How to Lay Out Wallpaper
You need to see how level, plumb, and straight your walls are, and decide where your pattern will start and end, for a wallcovering installation to look its best.
Before ordering materials, check that walls are plumb and woodwork is plumb and level. Use a long, straight board or a 4-ft. spirit level to check walls for bumps or dips, and mark them with a pencil so you can spot them easily later. You can hang almost any wallcovering type or pattern, but if door or window casings are markedly out of plumb, small patterns make this less obvious than large, loud patterns.
Starting and finishing points
The starting point for the first strip of wallpaper is determined by the desired finishing point for the last strip. This last strip almost always needs to be cut to fit, disrupting the strip’s full-width pattern. So, avoid hanging the last strip where it will be conspicuous.
A common place to begin is one side of a main doorway. There, you won’t notice a narrower strip when you enter the room. And when you leave the room, you’ll usually be looking through the doorway. The last piece is often a small one placed over a doorway. Another common starting point is an inconspicuous corner.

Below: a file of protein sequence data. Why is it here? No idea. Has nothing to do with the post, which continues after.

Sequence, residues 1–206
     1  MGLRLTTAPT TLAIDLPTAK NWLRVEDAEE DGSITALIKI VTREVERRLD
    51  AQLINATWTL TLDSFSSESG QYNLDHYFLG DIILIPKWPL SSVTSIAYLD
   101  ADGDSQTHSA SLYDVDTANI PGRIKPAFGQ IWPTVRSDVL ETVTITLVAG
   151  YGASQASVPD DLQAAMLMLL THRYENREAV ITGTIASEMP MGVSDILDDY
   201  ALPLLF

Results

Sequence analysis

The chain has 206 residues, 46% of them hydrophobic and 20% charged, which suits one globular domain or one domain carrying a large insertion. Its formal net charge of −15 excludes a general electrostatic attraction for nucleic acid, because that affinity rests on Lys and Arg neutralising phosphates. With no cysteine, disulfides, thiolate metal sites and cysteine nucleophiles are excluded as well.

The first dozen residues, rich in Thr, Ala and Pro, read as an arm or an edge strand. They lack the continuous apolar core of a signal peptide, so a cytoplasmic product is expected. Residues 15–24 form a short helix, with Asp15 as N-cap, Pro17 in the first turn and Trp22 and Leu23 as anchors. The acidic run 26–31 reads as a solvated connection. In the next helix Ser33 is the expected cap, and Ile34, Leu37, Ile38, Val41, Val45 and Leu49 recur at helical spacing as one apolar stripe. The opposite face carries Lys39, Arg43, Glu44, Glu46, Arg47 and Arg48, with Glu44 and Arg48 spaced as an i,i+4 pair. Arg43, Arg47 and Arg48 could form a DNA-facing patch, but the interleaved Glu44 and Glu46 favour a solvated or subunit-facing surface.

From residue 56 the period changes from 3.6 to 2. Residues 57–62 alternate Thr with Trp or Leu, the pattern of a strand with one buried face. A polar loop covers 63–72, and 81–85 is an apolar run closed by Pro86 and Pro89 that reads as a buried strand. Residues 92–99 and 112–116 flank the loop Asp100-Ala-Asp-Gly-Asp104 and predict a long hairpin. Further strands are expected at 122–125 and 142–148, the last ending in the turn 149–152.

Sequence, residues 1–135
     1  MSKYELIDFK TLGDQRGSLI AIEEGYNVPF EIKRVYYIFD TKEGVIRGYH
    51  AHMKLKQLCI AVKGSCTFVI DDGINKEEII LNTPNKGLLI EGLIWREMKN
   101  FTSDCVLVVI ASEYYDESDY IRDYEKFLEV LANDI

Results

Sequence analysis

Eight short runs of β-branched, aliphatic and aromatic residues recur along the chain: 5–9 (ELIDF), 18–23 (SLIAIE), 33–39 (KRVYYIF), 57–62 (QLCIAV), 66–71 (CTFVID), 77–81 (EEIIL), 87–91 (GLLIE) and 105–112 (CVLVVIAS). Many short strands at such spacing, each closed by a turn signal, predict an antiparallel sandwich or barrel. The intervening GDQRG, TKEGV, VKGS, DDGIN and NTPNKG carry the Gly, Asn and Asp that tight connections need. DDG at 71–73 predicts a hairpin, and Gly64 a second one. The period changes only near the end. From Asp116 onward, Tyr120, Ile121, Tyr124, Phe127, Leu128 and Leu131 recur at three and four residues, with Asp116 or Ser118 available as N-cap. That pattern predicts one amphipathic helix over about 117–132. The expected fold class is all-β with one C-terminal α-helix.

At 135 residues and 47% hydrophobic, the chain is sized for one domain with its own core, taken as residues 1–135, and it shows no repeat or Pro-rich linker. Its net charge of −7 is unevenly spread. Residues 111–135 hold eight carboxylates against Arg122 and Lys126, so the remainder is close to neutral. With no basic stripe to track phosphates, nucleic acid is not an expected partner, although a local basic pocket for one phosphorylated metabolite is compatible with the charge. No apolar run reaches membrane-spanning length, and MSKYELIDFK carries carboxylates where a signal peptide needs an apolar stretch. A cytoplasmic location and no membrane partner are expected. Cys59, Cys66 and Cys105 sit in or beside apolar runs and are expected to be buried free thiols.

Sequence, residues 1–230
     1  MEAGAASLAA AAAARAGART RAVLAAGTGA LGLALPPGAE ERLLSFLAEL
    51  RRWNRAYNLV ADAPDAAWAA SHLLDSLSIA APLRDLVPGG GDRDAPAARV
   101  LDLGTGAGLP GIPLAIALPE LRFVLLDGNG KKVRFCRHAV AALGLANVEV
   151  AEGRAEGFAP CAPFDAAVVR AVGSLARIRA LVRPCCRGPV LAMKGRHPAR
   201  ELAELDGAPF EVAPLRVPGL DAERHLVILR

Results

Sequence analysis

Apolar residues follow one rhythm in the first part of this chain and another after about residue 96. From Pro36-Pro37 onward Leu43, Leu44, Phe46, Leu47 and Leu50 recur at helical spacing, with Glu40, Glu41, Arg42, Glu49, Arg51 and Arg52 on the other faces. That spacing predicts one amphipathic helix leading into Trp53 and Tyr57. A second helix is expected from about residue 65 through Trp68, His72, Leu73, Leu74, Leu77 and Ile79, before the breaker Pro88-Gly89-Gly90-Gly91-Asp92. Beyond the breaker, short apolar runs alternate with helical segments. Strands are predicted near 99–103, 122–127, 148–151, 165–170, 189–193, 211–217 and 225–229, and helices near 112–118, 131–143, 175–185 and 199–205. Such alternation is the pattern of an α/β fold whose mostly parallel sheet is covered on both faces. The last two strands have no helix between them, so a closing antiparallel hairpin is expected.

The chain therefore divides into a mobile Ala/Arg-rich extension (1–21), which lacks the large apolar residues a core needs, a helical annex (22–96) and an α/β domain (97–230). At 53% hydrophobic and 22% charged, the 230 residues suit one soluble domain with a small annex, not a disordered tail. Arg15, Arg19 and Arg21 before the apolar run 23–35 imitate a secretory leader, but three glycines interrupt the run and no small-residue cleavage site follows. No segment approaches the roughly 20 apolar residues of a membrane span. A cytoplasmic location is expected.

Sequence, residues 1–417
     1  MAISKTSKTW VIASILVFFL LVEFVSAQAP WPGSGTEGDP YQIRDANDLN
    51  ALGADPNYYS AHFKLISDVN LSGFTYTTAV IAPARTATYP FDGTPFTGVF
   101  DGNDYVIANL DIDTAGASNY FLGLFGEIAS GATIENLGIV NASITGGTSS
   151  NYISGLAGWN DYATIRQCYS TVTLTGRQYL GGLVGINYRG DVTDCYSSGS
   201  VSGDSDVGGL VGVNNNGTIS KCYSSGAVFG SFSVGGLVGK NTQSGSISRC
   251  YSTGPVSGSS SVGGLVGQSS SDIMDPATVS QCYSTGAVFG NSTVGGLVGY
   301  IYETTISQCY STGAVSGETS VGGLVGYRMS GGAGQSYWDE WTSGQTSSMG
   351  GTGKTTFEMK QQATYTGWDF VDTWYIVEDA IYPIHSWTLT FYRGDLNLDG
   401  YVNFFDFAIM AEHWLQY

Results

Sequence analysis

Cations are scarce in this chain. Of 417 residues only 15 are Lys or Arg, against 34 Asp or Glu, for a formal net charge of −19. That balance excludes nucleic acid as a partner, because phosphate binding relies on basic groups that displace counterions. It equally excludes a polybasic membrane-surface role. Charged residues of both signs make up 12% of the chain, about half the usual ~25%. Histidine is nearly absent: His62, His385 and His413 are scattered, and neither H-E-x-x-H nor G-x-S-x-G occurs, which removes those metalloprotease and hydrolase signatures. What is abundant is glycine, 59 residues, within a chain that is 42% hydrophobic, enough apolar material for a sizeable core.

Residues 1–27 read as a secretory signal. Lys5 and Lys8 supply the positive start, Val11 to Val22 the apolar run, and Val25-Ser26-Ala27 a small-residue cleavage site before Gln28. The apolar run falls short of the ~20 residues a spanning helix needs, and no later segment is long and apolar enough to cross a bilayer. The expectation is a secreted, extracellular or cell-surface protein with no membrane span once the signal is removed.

To determine exactly where wallpaper seams will occur, mark off intervals the same width as your wallpaper. Go around the room, using a ruler or a wrapped roll of wallpaper as your gauge. Try to avoid trimming and pasting very narrow strips of wallpaper in corners; this usually looks terrible, and the pieces don’t adhere well. You may want to move your starting point an inch or two to avoid that inconvenience.
However, if the pattern is conspicuous, you might start layout with a strip centered in a conspicuous part of a wall—over a mantel, over a sofa, or in the middle of a large wall. Choose a visual focal point, and mark off roll-widths from each side of the starting strip until you have determined where the papering will end—preferably in an inconspicuous place.
You may want to center the pattern at a window, if that’s the visual center of the room. With a picture window, the middle of the strip should align with the middle of the window. If there are two windows, the edges of two strips should meet along a centered, plumbed line between them unless the distance between the windows is less than the width of a strip. If the distance is less, center a strip between the windows.